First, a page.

Everything you need to know about the potential new head of Labour
President-elect Donald Trump has chosen his head of Labour as Andrew Puzder, according to the Washington Post.
The fast food CEO opposes many of the policies implemented by outgoing Labour Secretary Tom Perez, including the elevation of the minimum wage.
Here's what you need to know about Andrew Puzder...
Head of CKE Resturants, he's credited with turning around the country's fortunes after severe financial difficulties in the 1990s caused in part by the purchase of the troubled Hardee’s franchise.
Advertising campaigns from the chain's restaurants have drawn criticism in the past, predominately for featuring scantily-clad women - something which Mr Puzder has defended.
"I like our ads. I like beautiful women eating burgers in bikinis. I think it's very American," Puzder said in a 2015 interview with Entrepreneur magazine.
Like other fast-food chains, Hardee’s and Carl’s Jr. restaurants are often investigated for possible minimum wage and overtime infractions. A recent analysis from Bloomberg found that officials discovered violations in roughly 60% of their investigations of those chain’s locations.
Most Hardee’s and Carl’s Jr. locations are operated by franchisees, rather than by CKE Restaurants itself, meaning the company itself is typically not considered responsible under the law.
Although he's expressed an openness to increasing the federal minimum wage, though he does not support a jump to $15 an hour from the current $7.25, because he thinks that would cost many low-wage workers their jobs.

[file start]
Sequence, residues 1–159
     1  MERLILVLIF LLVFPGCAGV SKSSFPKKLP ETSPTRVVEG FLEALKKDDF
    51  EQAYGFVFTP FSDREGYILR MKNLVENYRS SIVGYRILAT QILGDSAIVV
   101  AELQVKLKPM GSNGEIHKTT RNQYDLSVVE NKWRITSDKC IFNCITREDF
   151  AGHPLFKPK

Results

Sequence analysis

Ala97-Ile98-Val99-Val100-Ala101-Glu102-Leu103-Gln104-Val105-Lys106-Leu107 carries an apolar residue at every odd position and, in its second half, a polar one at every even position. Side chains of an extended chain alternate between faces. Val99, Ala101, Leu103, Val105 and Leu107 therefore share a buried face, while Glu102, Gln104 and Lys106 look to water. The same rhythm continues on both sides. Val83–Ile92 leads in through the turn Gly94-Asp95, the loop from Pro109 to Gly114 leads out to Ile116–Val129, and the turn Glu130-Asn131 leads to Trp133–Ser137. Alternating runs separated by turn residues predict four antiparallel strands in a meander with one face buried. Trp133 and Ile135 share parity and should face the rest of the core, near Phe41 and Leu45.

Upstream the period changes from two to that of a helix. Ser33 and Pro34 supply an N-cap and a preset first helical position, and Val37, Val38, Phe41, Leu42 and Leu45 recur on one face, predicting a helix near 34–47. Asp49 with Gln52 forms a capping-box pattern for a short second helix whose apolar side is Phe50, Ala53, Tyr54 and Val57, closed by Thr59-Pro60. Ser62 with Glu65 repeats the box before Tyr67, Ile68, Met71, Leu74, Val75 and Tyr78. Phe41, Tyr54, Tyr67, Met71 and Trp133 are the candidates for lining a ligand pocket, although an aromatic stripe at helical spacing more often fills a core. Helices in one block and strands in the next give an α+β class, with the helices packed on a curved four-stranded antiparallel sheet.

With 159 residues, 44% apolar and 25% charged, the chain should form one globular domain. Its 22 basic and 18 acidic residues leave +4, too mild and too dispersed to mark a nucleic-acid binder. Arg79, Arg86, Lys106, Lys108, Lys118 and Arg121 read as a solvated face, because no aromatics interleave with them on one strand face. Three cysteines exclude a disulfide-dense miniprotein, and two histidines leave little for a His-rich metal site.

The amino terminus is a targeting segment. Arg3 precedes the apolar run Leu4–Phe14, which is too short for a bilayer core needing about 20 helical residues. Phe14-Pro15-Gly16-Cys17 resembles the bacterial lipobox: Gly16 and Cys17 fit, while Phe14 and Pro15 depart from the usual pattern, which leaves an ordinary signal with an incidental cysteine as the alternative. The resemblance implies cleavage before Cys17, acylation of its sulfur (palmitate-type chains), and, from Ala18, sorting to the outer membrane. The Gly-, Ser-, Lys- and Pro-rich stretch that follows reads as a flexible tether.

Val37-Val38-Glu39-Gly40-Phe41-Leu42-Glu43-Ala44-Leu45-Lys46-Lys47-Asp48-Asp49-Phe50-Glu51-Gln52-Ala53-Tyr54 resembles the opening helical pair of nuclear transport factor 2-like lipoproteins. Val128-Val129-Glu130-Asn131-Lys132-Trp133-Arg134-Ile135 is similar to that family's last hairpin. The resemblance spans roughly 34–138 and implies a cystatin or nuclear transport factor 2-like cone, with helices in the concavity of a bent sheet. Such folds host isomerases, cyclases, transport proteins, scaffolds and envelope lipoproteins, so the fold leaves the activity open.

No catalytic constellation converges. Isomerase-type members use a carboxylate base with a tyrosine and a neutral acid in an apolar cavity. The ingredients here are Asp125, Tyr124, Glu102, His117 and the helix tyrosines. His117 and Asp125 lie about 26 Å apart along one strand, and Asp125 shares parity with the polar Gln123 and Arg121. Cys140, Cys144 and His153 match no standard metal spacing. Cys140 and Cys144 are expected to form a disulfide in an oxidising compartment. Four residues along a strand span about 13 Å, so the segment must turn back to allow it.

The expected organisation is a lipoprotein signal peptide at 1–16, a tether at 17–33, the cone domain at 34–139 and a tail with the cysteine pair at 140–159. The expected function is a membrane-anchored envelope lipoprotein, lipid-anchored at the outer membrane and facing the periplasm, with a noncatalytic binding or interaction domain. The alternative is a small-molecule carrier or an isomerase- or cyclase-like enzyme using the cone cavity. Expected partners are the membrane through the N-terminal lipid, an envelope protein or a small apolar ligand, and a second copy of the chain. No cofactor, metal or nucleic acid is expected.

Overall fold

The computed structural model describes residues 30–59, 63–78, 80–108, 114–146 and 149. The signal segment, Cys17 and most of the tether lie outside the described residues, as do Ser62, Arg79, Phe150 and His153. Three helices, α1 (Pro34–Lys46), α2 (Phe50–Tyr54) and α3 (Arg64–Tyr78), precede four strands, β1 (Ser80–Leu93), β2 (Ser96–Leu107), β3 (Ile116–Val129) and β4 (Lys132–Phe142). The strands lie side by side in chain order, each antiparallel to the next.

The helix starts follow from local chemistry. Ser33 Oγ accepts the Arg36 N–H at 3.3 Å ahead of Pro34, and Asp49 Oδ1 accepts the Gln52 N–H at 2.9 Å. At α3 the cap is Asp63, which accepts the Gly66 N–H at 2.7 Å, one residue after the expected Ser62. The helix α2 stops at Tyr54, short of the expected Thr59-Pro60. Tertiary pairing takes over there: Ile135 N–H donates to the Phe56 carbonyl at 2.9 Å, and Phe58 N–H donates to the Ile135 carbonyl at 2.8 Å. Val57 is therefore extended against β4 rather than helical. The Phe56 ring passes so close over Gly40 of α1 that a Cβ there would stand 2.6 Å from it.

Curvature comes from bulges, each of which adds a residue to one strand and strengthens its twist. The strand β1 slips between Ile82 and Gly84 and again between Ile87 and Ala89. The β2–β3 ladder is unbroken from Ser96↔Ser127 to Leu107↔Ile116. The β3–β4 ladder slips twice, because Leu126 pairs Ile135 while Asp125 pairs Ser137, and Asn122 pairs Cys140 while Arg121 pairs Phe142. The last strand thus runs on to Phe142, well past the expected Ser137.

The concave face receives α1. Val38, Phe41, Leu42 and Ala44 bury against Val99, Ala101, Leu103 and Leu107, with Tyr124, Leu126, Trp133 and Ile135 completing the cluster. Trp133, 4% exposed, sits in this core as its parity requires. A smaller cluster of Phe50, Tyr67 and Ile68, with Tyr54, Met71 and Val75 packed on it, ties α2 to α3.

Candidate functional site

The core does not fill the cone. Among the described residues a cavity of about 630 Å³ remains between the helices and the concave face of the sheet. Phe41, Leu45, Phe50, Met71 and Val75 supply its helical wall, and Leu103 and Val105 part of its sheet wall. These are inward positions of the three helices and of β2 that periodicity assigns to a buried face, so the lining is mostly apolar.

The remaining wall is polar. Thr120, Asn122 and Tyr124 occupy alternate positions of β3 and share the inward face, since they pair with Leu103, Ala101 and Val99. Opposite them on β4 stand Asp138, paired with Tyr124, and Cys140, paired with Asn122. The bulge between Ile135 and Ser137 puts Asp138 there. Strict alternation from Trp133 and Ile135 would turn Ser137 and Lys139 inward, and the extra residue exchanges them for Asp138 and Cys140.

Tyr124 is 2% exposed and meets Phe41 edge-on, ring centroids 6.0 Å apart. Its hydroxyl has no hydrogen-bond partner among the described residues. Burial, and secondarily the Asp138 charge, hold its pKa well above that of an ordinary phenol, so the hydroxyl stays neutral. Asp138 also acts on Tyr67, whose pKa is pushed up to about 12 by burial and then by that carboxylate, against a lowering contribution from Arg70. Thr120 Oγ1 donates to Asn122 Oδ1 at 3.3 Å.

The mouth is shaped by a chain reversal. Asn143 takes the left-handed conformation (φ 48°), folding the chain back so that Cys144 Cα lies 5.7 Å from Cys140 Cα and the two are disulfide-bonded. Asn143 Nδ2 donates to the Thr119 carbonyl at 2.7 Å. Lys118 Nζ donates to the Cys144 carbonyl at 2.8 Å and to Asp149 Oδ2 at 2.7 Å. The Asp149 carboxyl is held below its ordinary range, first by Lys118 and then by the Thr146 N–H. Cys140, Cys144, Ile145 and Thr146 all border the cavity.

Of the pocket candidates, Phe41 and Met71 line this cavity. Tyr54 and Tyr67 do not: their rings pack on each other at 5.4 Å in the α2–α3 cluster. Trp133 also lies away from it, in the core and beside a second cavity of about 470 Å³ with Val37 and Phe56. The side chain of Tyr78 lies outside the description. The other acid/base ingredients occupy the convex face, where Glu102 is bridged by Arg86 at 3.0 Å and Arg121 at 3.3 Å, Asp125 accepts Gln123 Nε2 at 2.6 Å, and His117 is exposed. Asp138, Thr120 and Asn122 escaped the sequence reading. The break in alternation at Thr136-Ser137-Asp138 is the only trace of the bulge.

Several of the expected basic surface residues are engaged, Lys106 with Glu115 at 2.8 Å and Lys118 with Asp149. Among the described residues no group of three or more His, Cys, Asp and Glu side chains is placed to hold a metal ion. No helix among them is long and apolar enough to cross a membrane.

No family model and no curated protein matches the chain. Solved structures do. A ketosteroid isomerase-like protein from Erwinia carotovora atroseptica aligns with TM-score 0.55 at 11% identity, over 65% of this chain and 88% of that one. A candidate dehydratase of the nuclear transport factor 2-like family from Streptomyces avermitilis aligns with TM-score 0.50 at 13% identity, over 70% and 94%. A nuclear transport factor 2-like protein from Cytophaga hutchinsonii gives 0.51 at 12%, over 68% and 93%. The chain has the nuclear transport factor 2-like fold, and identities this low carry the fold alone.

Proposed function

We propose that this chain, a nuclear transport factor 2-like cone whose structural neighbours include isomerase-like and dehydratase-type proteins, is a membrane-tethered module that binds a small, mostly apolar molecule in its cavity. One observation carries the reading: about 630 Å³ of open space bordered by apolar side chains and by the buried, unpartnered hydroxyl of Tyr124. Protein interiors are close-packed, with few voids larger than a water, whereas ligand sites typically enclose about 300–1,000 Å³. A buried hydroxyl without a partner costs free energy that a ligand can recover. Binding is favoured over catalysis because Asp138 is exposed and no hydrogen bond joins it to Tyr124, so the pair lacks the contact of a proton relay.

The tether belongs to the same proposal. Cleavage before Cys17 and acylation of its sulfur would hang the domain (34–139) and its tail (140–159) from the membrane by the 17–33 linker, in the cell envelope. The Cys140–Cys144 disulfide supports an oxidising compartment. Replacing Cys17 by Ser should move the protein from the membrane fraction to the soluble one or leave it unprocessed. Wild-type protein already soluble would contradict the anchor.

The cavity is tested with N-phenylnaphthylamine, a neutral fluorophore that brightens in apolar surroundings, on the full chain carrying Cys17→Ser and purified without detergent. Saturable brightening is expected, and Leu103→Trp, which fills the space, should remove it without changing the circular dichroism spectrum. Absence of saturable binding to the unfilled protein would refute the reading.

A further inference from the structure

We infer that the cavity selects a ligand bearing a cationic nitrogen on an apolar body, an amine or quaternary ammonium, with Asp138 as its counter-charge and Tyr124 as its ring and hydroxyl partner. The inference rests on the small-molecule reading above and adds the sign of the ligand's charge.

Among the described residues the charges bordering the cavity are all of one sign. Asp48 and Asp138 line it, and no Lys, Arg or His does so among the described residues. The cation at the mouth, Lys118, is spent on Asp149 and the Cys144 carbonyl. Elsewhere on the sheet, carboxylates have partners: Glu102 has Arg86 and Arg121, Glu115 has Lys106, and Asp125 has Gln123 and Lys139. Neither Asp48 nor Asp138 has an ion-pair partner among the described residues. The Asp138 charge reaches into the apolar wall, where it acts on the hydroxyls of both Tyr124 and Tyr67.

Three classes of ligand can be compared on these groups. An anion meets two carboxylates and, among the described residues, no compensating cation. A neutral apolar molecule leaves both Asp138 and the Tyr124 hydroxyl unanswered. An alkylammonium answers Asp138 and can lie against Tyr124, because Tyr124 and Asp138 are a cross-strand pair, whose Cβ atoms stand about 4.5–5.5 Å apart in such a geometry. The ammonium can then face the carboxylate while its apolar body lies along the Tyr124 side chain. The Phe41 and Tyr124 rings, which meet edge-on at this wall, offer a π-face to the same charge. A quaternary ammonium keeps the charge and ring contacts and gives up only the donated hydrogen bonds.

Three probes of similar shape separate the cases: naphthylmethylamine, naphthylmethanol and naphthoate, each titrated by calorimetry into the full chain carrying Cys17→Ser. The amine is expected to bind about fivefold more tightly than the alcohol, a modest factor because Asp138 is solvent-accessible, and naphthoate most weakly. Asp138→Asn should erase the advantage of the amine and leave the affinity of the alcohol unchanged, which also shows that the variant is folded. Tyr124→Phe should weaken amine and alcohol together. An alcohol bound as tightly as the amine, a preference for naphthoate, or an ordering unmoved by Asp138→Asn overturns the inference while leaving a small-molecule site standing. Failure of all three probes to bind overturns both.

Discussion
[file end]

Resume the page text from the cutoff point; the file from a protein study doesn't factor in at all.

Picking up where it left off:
Many advocates of raising the minimum wage significantly argue that it is necessary to provide a measure of financial security to ordinary workers.
He did, however, advise both Mitt Romney and Mr Trump's campaign.
Under US law, hourly workers are automatically entitled to time-and-a-half pay when they work more than 40 hours in a week. But whether salaried workers are entitled to overtime pay depends on how much money they make and what their job duties are.
The outgoing president’s new rule would vastly expand overtime rights for people who work on salary, bringing new protections to an estimated 4 million workers.
In a Forbes op-ed, Puzder said: "The real world is far different than the Labor Department’s Excel spreadsheet. This new rule will simply add to the extensive regulatory maze the Obama Administration has imposed on employers, forcing many to offset increased labor expense by cutting costs elsewhere.
"In practice, this means reduced opportunities, bonuses, benefits, perks and promotions."